By: Foofer

Glaswegians | facebook | bandcamp | soundcloud |

Released on September 20, 2015 via Bandcamp

glaswegians, a one man band hailing from Canada, has once again graced us with another one of his works, Cape Lazo. Cape Lazo, located on Vancouver Island, is a day’s trip away from the bedroom studio. Both the album and its cover do an excellent job captivating that atmosphere. Serene ambience, the flow and ebb of the water.

The entire album clocks in at just over 52 minutes, about 15 minutes more than the debut. That’s a lot of material to create in only one year’s time. I’m impressed by the speed and increase in quality between the two releases. The first album felt a bit loose in its composition, but glaswegians recently stated this on their facebook page:

“a different approach was taken in the making of this album. last year’s album was more or less ‘winging it’, where parts of each song were written as recording went on. this time around, the music was mostly composed and demo-ed before creating the final versions. these songs feature more use of brass and woodwinds, and for the first time, the piano.”

These new instruments take no little part in this album, either. Consistently throughout the album they can be heard. My favorite passage is in ‘Caspian’ when the woodwinds lead into waltz-y sort of chorus, led by what I thought was a harpsichord, at first. It amazes me that this guy didn’t bother trying to get all these instruments that have faded into obscurity, he simply manipulated his guitar to suit his needs. He’s moved on from post-rock in my mind. This is far too complex and varied for such an ambient and stereotypically repetitive genre. My mind grabs words like ‘experimental’ and ‘neo-classical’ when trying to describe glaswegians’ new sound.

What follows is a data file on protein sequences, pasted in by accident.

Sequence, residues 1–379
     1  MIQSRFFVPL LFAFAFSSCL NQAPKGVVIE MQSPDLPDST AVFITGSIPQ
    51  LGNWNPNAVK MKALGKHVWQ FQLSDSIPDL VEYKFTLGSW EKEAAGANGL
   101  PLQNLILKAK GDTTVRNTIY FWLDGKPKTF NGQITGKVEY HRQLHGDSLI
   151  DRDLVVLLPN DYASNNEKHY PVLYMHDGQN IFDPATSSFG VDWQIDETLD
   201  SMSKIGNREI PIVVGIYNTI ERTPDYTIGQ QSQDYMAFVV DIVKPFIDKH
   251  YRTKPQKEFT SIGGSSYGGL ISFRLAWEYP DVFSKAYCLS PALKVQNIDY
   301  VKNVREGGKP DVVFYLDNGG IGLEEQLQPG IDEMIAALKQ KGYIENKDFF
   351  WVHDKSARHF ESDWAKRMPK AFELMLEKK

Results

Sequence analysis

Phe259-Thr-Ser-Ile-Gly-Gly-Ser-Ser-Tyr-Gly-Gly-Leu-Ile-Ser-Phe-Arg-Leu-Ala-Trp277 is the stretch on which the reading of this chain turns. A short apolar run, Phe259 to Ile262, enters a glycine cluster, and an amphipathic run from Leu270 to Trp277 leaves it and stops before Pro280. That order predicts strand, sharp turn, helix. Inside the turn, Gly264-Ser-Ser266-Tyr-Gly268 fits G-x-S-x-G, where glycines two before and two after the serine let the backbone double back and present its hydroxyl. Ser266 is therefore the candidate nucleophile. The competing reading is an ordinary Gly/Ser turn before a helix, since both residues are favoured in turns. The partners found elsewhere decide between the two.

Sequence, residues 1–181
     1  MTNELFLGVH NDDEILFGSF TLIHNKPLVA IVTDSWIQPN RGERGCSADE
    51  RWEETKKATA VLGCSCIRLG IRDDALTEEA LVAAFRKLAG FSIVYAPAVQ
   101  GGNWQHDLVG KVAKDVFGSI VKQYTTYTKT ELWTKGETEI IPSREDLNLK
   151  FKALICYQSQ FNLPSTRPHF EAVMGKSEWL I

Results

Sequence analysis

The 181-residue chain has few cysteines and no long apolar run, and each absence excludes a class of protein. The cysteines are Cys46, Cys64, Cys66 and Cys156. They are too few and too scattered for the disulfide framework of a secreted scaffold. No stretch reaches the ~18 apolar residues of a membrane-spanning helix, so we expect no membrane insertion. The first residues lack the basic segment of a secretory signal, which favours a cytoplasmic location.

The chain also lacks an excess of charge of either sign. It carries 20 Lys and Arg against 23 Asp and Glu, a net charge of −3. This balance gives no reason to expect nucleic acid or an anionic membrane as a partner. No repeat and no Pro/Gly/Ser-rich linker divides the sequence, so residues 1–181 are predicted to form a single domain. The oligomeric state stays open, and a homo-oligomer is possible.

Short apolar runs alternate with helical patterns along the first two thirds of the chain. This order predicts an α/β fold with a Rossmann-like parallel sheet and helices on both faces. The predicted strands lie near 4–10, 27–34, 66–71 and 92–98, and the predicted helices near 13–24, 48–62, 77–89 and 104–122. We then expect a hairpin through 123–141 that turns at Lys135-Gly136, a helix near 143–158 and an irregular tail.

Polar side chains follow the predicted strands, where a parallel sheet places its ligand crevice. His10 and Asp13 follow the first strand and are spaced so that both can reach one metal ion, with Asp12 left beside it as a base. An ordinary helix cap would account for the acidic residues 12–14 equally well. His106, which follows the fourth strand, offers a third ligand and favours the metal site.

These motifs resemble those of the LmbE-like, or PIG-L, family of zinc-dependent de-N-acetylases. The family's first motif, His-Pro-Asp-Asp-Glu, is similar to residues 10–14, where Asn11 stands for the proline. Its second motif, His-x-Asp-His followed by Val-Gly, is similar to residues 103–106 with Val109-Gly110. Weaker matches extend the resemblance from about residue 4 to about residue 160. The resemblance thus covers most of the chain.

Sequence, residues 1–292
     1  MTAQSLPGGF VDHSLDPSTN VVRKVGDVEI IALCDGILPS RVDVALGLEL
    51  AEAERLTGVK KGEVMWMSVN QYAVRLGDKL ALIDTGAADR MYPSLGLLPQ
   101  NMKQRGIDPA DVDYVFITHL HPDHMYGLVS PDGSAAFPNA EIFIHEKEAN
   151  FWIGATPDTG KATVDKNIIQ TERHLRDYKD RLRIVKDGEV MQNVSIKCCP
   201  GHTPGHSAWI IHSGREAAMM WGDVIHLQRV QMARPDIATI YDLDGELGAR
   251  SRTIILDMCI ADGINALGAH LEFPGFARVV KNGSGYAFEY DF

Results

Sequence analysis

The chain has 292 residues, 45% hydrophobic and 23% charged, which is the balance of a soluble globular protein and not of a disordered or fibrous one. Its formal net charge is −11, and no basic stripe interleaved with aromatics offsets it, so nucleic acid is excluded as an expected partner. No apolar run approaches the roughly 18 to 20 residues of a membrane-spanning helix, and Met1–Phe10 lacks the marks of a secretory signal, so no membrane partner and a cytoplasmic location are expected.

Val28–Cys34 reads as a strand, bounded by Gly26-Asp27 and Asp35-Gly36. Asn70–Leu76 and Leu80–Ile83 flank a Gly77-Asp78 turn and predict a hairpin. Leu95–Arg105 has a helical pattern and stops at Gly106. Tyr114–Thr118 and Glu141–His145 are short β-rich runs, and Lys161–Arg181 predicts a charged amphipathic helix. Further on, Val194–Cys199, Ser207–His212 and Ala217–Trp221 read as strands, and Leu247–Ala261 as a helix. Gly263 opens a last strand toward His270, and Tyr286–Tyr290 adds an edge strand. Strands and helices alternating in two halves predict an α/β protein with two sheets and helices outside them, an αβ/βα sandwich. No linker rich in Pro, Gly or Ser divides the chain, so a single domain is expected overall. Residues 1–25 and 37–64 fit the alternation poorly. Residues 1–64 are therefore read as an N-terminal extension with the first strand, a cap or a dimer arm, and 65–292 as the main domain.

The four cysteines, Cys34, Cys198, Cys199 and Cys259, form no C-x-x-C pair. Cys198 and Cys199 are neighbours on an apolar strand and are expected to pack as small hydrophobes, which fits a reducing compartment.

‘Empirical’ is by far my favorite track as a whole, with its Marching style theme and sheer tenacity. Ten minutes of pure musical bliss. The way the size of its sound comes in and out reminds me of the waves I see on the cover.

This album is simply leaps and bounds ahead of its predecessor, which is no small feat. Not a single instrument feels out of place, or unnecessary. The new sounds he conjures from his guitar alone impresses me deeply. It shows me skilled knowledge of guitar effects, and it’s mirrored beautifully by his acoustic melodies. This is an album I find myself enjoying while it’s playing, and repeating to myself when it’s not. I’m sure I will cherish this magnificent album for years to come.

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